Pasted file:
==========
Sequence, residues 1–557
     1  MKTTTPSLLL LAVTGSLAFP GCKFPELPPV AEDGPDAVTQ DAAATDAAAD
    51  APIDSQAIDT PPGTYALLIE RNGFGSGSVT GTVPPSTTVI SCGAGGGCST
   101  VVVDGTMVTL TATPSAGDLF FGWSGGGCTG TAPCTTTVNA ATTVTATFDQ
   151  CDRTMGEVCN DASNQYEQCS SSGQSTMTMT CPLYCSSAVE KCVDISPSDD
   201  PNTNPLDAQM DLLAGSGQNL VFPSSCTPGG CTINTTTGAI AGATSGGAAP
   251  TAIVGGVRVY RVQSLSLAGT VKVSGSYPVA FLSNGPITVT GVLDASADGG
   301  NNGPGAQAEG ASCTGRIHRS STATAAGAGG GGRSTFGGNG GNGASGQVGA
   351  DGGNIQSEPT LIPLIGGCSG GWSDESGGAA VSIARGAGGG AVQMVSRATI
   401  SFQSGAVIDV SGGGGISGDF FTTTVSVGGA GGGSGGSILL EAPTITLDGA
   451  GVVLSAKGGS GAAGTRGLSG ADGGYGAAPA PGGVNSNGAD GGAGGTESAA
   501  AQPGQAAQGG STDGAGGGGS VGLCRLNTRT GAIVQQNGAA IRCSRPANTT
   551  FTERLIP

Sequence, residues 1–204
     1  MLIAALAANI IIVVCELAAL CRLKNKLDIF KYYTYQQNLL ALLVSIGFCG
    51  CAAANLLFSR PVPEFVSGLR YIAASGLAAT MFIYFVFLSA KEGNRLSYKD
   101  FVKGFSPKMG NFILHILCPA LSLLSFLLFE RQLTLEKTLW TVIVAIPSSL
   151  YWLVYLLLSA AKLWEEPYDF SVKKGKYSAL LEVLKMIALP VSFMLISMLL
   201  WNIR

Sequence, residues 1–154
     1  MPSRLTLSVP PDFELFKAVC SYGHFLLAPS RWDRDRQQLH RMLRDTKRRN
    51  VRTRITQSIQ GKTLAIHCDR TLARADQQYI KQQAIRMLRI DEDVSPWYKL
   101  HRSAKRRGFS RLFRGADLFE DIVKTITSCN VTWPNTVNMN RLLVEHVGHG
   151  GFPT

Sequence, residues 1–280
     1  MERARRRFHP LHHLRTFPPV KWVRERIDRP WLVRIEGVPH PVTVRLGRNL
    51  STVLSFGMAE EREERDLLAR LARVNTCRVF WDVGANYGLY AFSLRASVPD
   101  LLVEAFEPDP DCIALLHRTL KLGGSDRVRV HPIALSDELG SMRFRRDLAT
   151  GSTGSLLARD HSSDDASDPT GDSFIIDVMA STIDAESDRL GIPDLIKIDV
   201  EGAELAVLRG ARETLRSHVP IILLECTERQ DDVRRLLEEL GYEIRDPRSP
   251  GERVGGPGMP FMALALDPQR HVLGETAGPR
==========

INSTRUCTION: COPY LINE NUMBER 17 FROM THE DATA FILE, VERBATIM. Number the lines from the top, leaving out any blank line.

   101  FVKGFSPKMG NFILHILCPA LSLLSFLLFE RQLTLEKTLW TVIVAIPSSL